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Ch. 19 - THE FRONTIERS OF FOREIGN FOODS

Published online by Cambridge University Press:  22 August 2009

Kenneth F. Kiple
Affiliation:
Bowling Green State University, Ohio
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Summary

When Samuel Clemens (a.k.a. Mark Twain) visited Europe in 1878 he complained bitterly about the food, comparing it most unfavorably with American fare. Before returning home, he composed a wish list of comestibles he desired upon his return including Virginia bacon, soft-shell crabs, Philadelphia terrapin soup, canvas-back duck from Baltimore, Connecticut shad, green corn on the ear, butter beans, asparagus, string beans, American butter (he complained that European butter had no salt); predictably apple pie, and curiously, frogs.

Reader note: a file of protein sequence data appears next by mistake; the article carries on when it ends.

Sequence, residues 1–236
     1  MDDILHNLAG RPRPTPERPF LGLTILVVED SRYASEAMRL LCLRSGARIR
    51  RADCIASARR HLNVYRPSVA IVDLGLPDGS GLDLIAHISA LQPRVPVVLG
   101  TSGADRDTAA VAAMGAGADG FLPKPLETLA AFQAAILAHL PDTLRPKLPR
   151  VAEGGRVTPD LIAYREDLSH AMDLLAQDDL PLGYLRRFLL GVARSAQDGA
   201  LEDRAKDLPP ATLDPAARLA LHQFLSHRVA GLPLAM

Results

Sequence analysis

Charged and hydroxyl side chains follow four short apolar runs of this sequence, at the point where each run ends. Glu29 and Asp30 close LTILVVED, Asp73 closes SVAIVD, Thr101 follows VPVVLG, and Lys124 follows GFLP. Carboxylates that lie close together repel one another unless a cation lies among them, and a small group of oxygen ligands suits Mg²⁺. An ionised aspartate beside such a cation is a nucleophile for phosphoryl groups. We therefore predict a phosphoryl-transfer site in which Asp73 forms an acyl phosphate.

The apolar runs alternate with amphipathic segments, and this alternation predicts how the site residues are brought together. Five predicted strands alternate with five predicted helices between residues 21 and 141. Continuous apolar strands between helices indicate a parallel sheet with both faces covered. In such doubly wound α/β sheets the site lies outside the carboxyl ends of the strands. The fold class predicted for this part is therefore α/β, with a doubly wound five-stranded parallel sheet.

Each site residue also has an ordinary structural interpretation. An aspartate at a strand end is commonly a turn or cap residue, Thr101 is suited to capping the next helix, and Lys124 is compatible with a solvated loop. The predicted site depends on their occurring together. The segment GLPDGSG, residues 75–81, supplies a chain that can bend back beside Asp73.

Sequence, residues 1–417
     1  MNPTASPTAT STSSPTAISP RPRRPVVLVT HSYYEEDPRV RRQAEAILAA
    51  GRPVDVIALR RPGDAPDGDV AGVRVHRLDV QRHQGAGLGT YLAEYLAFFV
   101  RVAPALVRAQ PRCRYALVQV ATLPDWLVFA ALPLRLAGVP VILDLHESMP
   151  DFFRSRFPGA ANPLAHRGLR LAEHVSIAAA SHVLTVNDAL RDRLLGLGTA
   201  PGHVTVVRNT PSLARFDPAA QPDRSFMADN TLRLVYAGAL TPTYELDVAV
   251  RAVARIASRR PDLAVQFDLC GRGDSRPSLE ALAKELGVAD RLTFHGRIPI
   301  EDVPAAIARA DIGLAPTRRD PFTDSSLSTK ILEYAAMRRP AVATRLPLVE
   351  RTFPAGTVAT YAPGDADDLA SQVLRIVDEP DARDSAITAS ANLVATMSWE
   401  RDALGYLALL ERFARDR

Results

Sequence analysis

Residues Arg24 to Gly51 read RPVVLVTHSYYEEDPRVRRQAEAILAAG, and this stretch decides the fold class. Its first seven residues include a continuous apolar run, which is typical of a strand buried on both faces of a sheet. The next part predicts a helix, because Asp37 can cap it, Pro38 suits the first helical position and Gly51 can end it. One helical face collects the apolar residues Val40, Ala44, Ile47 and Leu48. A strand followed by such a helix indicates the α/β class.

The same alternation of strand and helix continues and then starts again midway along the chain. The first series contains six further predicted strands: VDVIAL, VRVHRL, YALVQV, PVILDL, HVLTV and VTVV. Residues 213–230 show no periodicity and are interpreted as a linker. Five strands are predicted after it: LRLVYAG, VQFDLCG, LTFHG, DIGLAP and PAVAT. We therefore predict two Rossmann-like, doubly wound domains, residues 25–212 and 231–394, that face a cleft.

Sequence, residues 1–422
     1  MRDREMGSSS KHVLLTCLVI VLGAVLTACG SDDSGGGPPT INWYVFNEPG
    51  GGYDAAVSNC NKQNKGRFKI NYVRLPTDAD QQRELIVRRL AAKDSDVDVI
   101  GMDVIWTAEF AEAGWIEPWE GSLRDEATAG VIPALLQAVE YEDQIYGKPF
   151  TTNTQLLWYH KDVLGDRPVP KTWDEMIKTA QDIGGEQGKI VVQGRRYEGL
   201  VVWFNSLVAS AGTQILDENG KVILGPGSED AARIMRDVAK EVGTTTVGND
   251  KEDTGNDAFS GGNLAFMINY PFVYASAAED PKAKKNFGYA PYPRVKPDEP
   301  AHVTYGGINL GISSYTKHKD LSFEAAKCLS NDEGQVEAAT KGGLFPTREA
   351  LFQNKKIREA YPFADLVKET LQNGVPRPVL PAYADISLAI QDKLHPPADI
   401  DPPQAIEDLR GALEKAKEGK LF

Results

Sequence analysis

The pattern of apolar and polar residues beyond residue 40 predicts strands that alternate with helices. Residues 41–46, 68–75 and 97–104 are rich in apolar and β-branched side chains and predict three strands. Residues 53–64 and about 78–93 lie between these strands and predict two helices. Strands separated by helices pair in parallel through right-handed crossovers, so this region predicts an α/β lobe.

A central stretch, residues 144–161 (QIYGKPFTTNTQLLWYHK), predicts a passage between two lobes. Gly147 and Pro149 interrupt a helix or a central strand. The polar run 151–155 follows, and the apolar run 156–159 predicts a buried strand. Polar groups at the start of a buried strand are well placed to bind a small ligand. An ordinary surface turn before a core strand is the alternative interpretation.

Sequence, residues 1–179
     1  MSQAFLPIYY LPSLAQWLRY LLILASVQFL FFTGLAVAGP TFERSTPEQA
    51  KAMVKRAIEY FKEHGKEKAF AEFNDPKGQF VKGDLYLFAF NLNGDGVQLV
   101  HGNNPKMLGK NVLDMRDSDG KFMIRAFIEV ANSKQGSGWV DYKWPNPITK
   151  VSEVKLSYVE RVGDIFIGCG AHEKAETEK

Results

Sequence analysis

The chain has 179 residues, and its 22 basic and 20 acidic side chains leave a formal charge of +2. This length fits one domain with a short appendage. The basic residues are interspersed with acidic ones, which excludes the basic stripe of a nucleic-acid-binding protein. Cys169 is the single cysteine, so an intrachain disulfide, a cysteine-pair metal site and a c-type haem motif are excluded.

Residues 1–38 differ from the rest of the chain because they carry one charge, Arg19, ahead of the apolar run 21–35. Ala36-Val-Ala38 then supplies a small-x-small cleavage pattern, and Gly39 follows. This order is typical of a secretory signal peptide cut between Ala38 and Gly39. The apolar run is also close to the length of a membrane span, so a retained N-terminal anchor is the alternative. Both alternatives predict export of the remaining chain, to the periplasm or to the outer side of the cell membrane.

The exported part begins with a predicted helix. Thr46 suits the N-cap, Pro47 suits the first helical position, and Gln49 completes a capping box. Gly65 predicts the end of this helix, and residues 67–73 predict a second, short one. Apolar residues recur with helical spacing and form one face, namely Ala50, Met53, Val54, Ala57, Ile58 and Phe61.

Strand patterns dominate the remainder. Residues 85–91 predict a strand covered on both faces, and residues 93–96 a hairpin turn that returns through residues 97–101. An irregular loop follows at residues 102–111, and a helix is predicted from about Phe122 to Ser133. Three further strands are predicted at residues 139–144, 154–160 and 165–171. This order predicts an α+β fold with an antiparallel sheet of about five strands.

Leslie Brenner (1999)

WITH APOLOGIES to Samuel Clemens there was no such thing as “American fare” north of Mexico when he wrote, nor had there been for close to two centuries, the remnants of pre-Columbian foodstuffs and cooking techniques notwithstanding. Since the seventeenth century, American cuisine has been a work in progress, kneaded, shaped, and reshaped by African, Asian, and European immigrants. The African contribution was in place by the time of the Civil War, as was that of Northern Europe though somewhat distorted by Native American influences.

But following the war, millions of southern and eastern Europeans, along with a relative handful of Asians, arrived to take their turn at stirring America's culinary melting pot. The new immigrants settled on both coasts in large numbers but some, lured by the promise of free land in the 1862 Homestead Act, spread out into the interior, planting seeds of food globalization as they went.

Type
Chapter
Information
A Movable Feast
Ten Millennia of Food Globalization
, pp. 202 - 213
Publisher: Cambridge University Press
Print publication year: 2007

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